Molex may no longer sell its electric-connecting terminals with the product name "Lite-Trap". The Regional Court Munich handed down this decision in May. The court found Molex had infringed Wago's patent for the technology, which is often used to supply power to LEDs. The judgment affects Molex's sales in Germany.
3 June 2020 by Mathieu Klos
The judgment impacts the current sales of electric-connecting terminals. However, in order for the sales stop to take effect, Wago must enforce the judgment. But this has not yet happened. Observers consider it highly likely that Molex will appeal the judgment (case ID: 7 O 8052/19).
Wago filed a lawsuit against the Lite-Trap terminals over the German part of European patent EP 3 159 974 B1. As a result, Munich Regional Court has prohibited Molex from selling its single- and dual-pole electric-connecting terminals in Germany. Specialist shops dub the products as PCB terminal blocks. The terminal blocks are often used to connect electrical cables for LED lights.
Terminal blocks are fixed to the surface of the circuit boards using SMD soldering technology. They ensure simple and safe electrical contact between the lights and the power supply.
Wago has registered several patents on the technology and has long been the market leader in the segment. However, various manufacturers are now entering the market, including Molex. Molex manufactures electronic components and belongs to the US conglomerate Koch Industries.
Wago is suing Molex in Germany over six patents. The initial lawsuits were unsuccessful, with Mannheim Regional Court already dismissing three patent infringement suits. Wago has appealed against two of these judgments.
Wago also attempted to obtain a preliminary injunction against Molex in Hamburg concerning another patent. However, this was also unsuccessful. The main trial is now pending in Mannheim.
Wago also filed another lawsuit with the Regional Court Düsseldorf but the court has not yet ruled.
In 2019, Wago was initially successful in gaining a preliminary injunction against Molex in Munich based on patent EP 974 B1 (case ID: 7 O 6409/19).
But the Higher Regional Court quashed this judgment shortly afterwards (case ID: 6 U 4009/19). Through this decision, the court changed its case law concerning preliminary injunctions.
The Higher Regional Court in Munich adapted its case law to be in line with the Higher Regional Courts of Düsseldorf and Karlsruhe. The Munich court now only issues preliminary injunctions if the plaintiff’s patent has successfully survived a revocation attack.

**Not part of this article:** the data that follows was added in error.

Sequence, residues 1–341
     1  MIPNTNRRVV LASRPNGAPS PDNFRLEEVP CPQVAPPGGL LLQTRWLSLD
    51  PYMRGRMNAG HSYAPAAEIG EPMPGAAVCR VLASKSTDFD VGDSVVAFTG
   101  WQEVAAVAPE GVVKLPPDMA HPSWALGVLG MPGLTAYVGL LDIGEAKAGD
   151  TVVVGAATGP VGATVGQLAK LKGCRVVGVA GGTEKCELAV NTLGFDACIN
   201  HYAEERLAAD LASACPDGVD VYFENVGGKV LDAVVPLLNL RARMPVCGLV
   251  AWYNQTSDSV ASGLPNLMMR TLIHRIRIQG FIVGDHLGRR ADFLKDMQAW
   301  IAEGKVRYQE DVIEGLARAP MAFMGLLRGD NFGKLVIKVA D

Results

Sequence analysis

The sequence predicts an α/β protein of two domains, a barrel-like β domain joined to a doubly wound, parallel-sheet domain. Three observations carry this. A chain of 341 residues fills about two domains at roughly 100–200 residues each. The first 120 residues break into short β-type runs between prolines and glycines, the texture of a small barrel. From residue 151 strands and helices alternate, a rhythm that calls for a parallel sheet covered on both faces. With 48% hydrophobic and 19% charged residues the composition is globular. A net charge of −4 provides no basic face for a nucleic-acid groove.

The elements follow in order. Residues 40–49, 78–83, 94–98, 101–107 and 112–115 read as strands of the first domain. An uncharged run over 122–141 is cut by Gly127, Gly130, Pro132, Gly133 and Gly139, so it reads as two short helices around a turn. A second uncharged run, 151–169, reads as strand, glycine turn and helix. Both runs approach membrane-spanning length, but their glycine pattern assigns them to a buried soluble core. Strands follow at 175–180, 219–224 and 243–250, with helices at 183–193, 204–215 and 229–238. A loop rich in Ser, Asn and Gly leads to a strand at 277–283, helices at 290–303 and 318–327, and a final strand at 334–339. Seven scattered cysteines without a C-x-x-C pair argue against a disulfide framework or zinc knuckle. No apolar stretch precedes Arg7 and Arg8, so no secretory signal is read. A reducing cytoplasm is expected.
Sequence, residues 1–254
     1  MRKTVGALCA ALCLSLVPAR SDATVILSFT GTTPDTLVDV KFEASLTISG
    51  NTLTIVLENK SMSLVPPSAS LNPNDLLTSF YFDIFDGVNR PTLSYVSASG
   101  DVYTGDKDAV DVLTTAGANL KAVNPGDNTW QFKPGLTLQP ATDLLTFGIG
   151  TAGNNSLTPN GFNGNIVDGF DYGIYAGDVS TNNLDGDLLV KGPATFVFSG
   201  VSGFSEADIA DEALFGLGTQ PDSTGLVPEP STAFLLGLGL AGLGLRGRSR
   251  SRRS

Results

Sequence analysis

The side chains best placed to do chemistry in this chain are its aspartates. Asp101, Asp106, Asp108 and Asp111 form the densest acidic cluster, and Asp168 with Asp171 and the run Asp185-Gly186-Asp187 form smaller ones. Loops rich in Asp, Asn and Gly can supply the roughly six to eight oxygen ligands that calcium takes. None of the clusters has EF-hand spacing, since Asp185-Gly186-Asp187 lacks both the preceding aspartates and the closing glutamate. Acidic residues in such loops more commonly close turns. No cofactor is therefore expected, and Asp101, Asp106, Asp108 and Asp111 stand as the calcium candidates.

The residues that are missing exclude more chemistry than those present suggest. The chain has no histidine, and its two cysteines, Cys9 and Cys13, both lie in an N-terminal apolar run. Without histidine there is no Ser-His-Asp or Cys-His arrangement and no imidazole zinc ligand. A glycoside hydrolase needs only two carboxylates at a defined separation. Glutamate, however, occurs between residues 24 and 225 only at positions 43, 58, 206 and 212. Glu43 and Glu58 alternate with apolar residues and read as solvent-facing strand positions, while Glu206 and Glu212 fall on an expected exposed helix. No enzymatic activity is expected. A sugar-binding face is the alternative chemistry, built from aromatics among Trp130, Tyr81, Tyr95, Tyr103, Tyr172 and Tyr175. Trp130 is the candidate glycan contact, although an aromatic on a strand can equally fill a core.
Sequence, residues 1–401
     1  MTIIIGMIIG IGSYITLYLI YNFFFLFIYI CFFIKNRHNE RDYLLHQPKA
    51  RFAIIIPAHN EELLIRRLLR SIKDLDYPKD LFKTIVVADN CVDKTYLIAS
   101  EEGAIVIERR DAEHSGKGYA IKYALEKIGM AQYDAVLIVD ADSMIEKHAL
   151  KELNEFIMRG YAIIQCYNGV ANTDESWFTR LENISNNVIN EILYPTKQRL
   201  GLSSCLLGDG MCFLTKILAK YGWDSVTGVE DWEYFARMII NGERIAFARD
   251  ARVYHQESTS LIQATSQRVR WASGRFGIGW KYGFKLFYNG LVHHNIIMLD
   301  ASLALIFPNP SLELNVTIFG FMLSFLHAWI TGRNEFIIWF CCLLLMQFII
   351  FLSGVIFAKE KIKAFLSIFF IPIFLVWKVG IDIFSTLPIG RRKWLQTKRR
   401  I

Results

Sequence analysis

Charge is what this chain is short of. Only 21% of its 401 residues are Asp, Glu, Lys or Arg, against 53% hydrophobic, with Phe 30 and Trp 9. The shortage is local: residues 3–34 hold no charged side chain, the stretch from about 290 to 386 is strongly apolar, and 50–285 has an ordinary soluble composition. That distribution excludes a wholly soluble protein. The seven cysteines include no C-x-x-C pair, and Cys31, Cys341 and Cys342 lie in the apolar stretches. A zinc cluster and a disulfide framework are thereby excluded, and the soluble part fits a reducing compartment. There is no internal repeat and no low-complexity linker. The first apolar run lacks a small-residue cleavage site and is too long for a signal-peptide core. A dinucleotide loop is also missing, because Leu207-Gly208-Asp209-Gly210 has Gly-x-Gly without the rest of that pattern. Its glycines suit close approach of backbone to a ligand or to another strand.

However, this is not yet the case with the Wago patent. The European Patent Office granted EP 974 B1, but Molex is taking action against it. The EPO has not yet decided on the opposition case. Furthemore, Molex has also attacked Wago’s other intellectual property rights.
Wago also sued at the Shenzhen Intermediate People’s Court over Chinese patent 201510695626.3. The patent comes from the same patent family as the German patent-in-suit.
Particularly German manufacturers of small electronic components such as Wago are frequently found in patent lawsuits before German courts. However, according to JUVE Patent’s information, Molex has not been involved in European patent disputes in the last ten years. This was the first time that Hogan Lovells was active in Germany for the US company in the electric-connecting terminals case. However, the firm has good ties to the parent company Koch Industries in the US.
While Munich partner Steffen Steininger leads the infringement proceedings, Martin Fähndrich from the firm’s Düsseldorf office led the attacks on Wago’s patents-in-suit.
External patent attorneys are not involved. For some time, Hogan Lovells has been building up its own patent attorney team. This is to provide technical support in litigation.
Bardehle Pagenberg represents Wago with a mixed team of patent attorneys and lawyers, as is customary for the firm. The firm has been active in the German market with this approach for decades.
Wago relies on Gramm Lins and Bardehle for patent applications. The latter usually also leads litigation. Nevertheless, Gramm Lins partner Hans Joachim Gerstein was also involved in technical aspects of the proceedings.
Bardehle Pagenberg (Munich): Nadine Westermeyer, Tilman Müller-Stoy (lead), Johannes Lang (patent attorney), Stefan Lieck; counsel: Alexander Wunsch (patent attorney)
Gramm Lins & Partner (Hanover): Hans Joachim Gerstein (patent attorney)
Hogan Lovells (Munich): Steffen Steininger, Martin Fähndrich (Düsseldorf); associates: Teresa Christof, Sabrina Smyczek (patent engineer)
Regional Court Munich, 7th Civil Chamber
Matthias Zigann (presiding judge), Georg Werner, Anna-Lena Klein